Oh, Christmas is so magical! But of course magic often boils down to being surprised. Find out how mathemagicians trade off the fact that you can usually predict precisely the outcome of doing something in mathematics, but only if you know the secret beforehand. Here's for some maths and magic!
Mathematicians are often good musicians. To prove this, here are some impressive compositions. Enjoy!
I will derive:
The Klein 4 Group with Finite simple group of order two:
And for some physics here's the The large hadron rap by Alpinekat:
It's time to get out those party invitations! Trouble is, your sister doesn't get on with your boyfriend, your boyfriend doesn't like your best mate, and your best mate's just broken up with your cousin. Who do you invite? Find out why the answer could win you a million dollars! And for a slightly easier question, can you make sure that no two people you've invited have the same number of friends?
Oh, those beautiful snowflakes! They've put us in the mood for fractals, so let's celebrate some favourite shapes:
Pandora's 3D box
An amateur fractal programmer has discovered a new 3D version of the Mandelbrot set. The new creation is based on similar mathematics as the original 2D Mandelbrot set, but its infinite intricacy extends into all three dimensions, revealing fractal worlds of amazing complexity and beauty at every level of magnification.
Unveiling the Mandelbrot set
And if you're wondering what the Mandelbrot set is to start with, here's an introduction from one of the world's experts.
Modelling nature with fractals
Computer games and cinema special effects owe much of their realism to the study of fractals. This article takes you on a journey from the motion of a microscopic particle to the creation of imaginary moonscapes.
How big is the milky way?
A question which has been vexing astronomers for a long time is whether the forces of attraction between stars and galaxies will eventually result in the universe collapsing back into a single point, or whether it will expand forever with the distances between stars and galaxies growing ever larger. Learn how fractal dimension gives us a way of approaching the question.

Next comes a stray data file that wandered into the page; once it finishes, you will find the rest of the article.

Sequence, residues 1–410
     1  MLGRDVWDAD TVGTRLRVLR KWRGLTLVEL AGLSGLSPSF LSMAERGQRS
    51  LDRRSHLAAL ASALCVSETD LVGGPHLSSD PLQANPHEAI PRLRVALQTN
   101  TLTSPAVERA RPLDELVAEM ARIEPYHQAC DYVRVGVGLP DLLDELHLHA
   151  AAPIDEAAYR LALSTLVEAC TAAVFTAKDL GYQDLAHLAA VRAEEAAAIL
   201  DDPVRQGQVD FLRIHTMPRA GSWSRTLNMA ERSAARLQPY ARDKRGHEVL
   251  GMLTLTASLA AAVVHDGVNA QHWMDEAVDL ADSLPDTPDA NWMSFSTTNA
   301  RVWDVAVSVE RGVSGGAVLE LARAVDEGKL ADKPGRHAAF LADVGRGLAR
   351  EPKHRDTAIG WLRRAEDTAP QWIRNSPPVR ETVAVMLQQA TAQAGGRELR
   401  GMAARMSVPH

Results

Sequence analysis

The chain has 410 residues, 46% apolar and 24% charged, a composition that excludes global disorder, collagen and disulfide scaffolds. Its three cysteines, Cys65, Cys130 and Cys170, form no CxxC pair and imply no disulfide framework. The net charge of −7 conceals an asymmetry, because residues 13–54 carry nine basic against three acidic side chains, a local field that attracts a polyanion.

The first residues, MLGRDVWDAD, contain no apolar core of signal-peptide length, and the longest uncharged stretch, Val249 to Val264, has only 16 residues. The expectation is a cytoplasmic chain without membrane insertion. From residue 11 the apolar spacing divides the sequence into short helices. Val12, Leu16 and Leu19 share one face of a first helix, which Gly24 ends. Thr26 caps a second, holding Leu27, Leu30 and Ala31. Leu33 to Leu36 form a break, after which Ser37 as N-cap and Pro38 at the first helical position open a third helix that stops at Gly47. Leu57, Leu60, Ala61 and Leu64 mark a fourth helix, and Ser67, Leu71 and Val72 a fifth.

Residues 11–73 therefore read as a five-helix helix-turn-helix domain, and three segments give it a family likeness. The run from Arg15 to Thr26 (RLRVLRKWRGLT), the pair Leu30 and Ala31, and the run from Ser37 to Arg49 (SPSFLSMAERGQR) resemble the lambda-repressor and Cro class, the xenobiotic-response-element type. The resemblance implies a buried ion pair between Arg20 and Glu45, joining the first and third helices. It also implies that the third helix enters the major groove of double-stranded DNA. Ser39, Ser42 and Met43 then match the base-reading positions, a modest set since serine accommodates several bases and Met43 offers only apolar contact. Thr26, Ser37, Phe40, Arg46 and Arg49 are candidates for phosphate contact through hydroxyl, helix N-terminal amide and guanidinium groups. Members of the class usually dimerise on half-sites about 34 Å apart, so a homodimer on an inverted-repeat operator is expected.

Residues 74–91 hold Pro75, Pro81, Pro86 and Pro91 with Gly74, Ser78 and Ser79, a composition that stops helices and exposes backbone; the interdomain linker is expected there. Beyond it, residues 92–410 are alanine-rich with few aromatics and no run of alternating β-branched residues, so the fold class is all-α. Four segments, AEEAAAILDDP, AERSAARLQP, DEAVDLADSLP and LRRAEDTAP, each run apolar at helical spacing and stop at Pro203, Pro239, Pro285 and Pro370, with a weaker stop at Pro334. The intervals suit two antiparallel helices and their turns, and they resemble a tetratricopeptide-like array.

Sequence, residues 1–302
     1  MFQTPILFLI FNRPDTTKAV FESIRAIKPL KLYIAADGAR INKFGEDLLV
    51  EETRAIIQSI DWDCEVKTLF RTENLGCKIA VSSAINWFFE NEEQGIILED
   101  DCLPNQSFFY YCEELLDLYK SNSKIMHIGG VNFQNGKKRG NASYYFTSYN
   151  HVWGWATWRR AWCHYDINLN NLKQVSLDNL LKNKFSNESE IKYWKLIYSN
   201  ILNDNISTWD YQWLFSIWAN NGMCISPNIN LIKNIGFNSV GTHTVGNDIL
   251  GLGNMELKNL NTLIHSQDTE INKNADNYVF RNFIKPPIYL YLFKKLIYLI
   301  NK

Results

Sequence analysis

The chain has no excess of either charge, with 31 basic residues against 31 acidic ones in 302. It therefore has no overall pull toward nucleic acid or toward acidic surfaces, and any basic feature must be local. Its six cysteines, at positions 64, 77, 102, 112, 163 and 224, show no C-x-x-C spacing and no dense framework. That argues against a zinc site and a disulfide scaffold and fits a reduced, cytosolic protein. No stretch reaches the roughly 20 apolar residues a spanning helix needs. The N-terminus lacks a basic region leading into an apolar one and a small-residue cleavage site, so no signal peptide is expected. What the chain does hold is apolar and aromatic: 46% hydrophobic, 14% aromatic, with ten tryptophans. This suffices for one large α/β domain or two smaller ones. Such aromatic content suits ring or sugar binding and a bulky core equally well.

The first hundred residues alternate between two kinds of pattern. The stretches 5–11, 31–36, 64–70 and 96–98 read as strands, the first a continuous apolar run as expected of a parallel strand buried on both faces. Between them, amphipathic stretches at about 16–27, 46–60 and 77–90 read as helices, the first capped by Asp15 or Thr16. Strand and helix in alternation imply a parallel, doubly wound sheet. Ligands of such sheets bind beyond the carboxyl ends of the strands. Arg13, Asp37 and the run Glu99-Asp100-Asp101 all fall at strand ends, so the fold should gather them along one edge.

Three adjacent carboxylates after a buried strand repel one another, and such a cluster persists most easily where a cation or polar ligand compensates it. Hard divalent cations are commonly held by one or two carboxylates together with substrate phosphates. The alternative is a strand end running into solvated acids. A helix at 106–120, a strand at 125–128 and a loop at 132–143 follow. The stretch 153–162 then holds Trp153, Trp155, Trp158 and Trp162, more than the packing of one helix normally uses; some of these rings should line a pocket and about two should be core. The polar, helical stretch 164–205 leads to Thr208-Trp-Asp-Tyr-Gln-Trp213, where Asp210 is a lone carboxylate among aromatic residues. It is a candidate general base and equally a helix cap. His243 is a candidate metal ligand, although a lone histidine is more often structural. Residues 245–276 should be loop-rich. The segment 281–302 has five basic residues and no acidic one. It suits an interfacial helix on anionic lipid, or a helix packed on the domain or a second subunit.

Extracting beauty from chaos
Images based on Lyapunov Exponent fractals are very striking. Find out what Lyapunov Exponents are, what the much misunderstood phenomenon of chaos really is, and how you can iterate functions to produce marvellous images of chaos from simple mathematics.
Non-Euclidean geometry and Indra's pearls
If you've ever redecorated a bathroom, you'll know that there are only so many ways in which you can tile a flat plane. But once you move into the curved world of hyperbolic geometry, possibilities become endless and the most amazing fractal structures ensue.
As the odds for a white christmas in the UK shorten and we rug up for another snowy weekend, here is the Plus weather forecast...
And now, the weather...
Snowstorms, floods and hurricanes remind us yet again that accurate forecasts are necessary not only to protect property, but more importantly to save lives.
Met office in for another roasting?
We all know that weather prediction, though incredibly sophisticated and advanced, is an inexact science. Perhaps if the Met Office published the probabilities underlying its forecasts, it might get a more rational response to disappointing weather.
Career interview: Meteorologist
Read about what it is like to work at the Meteorological Office in this interview with Helen Hewson.
How maths can make you rich and famous: Part II
The weather is described by the famous, and infamously difficult to solve, Navier-Stokes equations. And one million dollars is waiting to be won by anyone who can solve this, one of the grand mathematical challenges of the 21st century.
How are these terrible forces of nature unleashed?
The butterfly flap felt across the world
Edward Lorenz, American mathematician and meteorologist, was known as the father of chaos theory. But he is perhaps best known for coining the term butterfly effect.